Rachid Taha has been fusing the music of his native Algeria with the sounds of the West. Born in 1958 in Oran, Algeria, Rachid grew up in France in the poverty-stricken, working-class immigrant community that had sprung up in Lyons.
From an early age, music was his lifeline against the hopelessness of immigrant life. He sang, and also DJ’d in clubs, spinning an international blend of sounds that would presage his career. “I played a real patchwork,” he recalled, “Arabic, salsa, rap, funk, anything you could dance to.”
But the records didn’t say what was in his heart, the conflict of being an outsider, his Algerian roots pulling against the tug of European culture. So in the mid-’80s he formed a band, Carte de Sejour (Green Card). Their music burned with the fire of a young immigrant generation, exploding with the anger of punk on their best-known track, an ironic, politically-charged cover of the patriotic “Douce France.” After three years the band split up, and Rachid traveled to Los Angeles to work with producer Don Was (Rolling Stones, Bonnie Raitt) on his solo debut. Barbes, the result of their collaboration, appeared internationally in 1991, at the height of Gulf War fever. In spite of glowing reviews, the subtle prejudice against all things Arabic at the time left it to sink without trace.
Older, wiser, but even more adventurous, Rachid returned in 1996 with Ole Ole, where massive club beats powered Arabic song, from the raw desert blues of rai to the kick of the Egyptian street pop shaabi, a unique, pan-North African vision melded with the programmed power of the First World.
With Diwan, in 1998, Rachid moved to a more subtle tack. The songs on the record came from his youth, work that had inspired his own music, from the pens of such greats as Dahmane El Harrachi and Nass El Ghiwane. It was, he explained, “my version of John Lennon’s Rock’n’Roll album.” Unlike the late Beatle, Rachid’s versions brought the classics very much into the modern age. Beat and samples pulsed alongside string sections and traditional instruments for an album that was a quiet musical revolution. Aided by Steve Hillage’s sympathetic and knowledgeable production, it was a masterpiece that both paid homage to the past and paved the way for the future.
On Made in Medina, his debut album for Mondo Melodia, Taha combined powerful rock with melodies of North Africa. The voice of Afrobeat star Femi Kuti, whose duet with Rachid on “Ala Jalkourn,” brings together North, and West Africa in a seamless blend of unity where voices transcend geographic borders. The album was recorded in Paris, London, and New Orleans, and was produced by veteran musician Steve Hillage.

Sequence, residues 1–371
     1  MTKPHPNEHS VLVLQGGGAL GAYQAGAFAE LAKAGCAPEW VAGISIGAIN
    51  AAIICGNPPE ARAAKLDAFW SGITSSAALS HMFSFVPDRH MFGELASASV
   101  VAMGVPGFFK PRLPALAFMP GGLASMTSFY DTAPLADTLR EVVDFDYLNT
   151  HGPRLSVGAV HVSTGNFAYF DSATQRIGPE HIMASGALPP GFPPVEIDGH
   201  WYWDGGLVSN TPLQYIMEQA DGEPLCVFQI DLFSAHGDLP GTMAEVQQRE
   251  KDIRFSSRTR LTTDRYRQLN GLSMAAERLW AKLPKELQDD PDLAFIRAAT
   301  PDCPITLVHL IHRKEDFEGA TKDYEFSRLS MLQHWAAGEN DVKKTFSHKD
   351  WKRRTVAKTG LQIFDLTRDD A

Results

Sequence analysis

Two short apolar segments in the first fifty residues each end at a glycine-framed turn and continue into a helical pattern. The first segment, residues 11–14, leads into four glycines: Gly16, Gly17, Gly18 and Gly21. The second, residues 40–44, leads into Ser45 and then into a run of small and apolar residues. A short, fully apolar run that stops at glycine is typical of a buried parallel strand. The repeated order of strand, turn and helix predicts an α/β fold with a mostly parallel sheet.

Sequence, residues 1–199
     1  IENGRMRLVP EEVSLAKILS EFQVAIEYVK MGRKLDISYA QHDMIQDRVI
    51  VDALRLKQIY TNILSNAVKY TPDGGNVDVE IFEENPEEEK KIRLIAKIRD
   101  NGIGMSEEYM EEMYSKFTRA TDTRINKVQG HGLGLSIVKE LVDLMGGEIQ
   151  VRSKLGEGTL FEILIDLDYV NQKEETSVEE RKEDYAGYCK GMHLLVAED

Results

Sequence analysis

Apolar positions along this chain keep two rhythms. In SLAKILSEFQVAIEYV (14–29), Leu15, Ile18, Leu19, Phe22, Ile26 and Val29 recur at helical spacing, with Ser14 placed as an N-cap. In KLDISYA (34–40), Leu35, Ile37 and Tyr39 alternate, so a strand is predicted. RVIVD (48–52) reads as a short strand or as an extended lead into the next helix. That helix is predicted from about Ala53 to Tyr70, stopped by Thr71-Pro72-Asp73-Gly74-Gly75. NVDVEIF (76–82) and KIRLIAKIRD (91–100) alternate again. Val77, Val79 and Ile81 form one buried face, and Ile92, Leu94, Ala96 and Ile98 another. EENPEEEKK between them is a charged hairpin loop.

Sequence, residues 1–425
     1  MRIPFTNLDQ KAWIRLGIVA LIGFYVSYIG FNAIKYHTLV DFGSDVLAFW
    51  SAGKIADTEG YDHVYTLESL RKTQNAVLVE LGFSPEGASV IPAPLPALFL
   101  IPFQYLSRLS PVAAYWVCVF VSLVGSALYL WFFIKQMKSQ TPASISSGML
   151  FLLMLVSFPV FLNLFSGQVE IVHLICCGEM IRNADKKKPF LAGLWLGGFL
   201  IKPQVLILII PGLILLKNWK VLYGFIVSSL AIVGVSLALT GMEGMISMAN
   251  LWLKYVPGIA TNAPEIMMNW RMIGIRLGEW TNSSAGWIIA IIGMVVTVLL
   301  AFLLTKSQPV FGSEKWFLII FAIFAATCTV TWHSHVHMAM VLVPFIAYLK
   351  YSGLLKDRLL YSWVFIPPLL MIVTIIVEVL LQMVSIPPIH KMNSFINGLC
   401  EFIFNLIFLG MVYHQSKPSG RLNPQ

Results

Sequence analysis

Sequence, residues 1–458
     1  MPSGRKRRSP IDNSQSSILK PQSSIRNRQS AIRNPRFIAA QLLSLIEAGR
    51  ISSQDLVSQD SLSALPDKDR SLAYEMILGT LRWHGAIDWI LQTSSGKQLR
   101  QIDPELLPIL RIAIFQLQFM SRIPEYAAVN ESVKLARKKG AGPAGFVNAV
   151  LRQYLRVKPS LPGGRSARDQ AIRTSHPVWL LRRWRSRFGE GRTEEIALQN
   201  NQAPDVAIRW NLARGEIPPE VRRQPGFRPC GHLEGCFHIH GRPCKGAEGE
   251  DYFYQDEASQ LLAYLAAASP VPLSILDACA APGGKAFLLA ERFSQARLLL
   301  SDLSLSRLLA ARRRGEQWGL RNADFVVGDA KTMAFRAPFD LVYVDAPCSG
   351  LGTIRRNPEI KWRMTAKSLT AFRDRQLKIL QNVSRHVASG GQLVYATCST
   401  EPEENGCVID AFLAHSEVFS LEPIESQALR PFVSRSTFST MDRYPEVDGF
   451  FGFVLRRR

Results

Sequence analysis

The 2004 album, Tekitoi, was recorded in Paris, London and Cairo. Some of the themes are war, racism and corruption.
Durham (North Carolina), USA – Duke Performances announced that it has just secured an exclusive concert with the iconic singer and song-writer Richie Havens. In a double bill, Duke Performances will present Richie Havens with Algerian rock and rai sensation Rachid Taha on Thursday, April 16, at 8 pm in Page Auditorium. Showcasing Havens’ five decades of inspired musical activism—a continuous thread of art, music, and political work begun in the tumult of the 1960s—alongside Taha’s politically-charged and often persecuted music, these two powerhouse performers profoundly conclude Duke Performances’ Art/Politics/Now series.
Since emerging from the Greenwich Village folk scene of the 1960’s and finding global attention with his legendary Woodstock performance in 1969, Richie Havens has continued to give intense and engaged live performances that feature soaring, soulful vocals and powerful, rhythmic guitar. Havens maintains his iconic status as what the UK’s Independent calls a “liberation preacher,” proclaiming his messages of brotherhood and freedom in world-class collaborations and as a special featured artist at the storied WOMAD Festival. Havens’ latest recording is Grace of the Sun.
A rock star to the core, Rachid Taha mixes raï, techno, rock, and punk to sing Arabic wah-wah tunes about exile and racism. The combination of traditional and electronic instruments results in a sound like the Clash being backed by bendir, the North African snare drum. An Algerian now based in France, Taha is a “feral and formidable presence [on stage],” singing with a “throaty roar” as Rai strings “dip and surge like quicksilver [thrusts] of a rapier” (BBC).
Taha intersperses celebrations of old-school rock—from “Rock the Casbah” to Bo Diddley—with serious and passionate reflections on the cultural strife that have cinched his influential role as a voice for Algerian-Berbers and French-Arabs and that ring with a universal message of humanity. Raha’s most recent recordings are Ole Ole (1995), Carte Blanche – Best of (1997), Diwan (1998), Made in Medina (Universal Music/USA: Mondo Melodia, 2000), Live (Ark, 2002), Tekitoi(Wrasse, 2004), and Diwan 2 (Wrasse, 2006).
Richie Havens & Rachid Taha: Exclusive Double Bill
Thursday, April 16, 8 PM
Page Auditorium, West Campus, Duke University
$34, $26, $20; $5 for all Duke Students
Also in the Art/Politics/Now series:
Donald Byrd’s Spectrum Dance Company – The Theater of Needless Talents
Thursday & Friday, February 19 & 20, 8 pm, Reynolds Industries Theater
Simon Shaheen with the Aswat Orchestra featuring vocalists Ibrahim Azzam, Sonia M’Barek, Khalil Abonula & Rima Khcheich – World Premiere: Aswat (Voices): Celebrating the Golden Age of Arab Music
Thursday, March 5, 8 pm, Page Auditorium
Ferhat Tunç – Laments for Rebels and Soldiers
Friday, March 20, 8 pm, Nelson Music Room
Vincent Mantsoe – Ebhoflo (This Madness)
Saturday, March 21, 8 pm & Sunday, March 22, 3pm, Hayti Heritage Center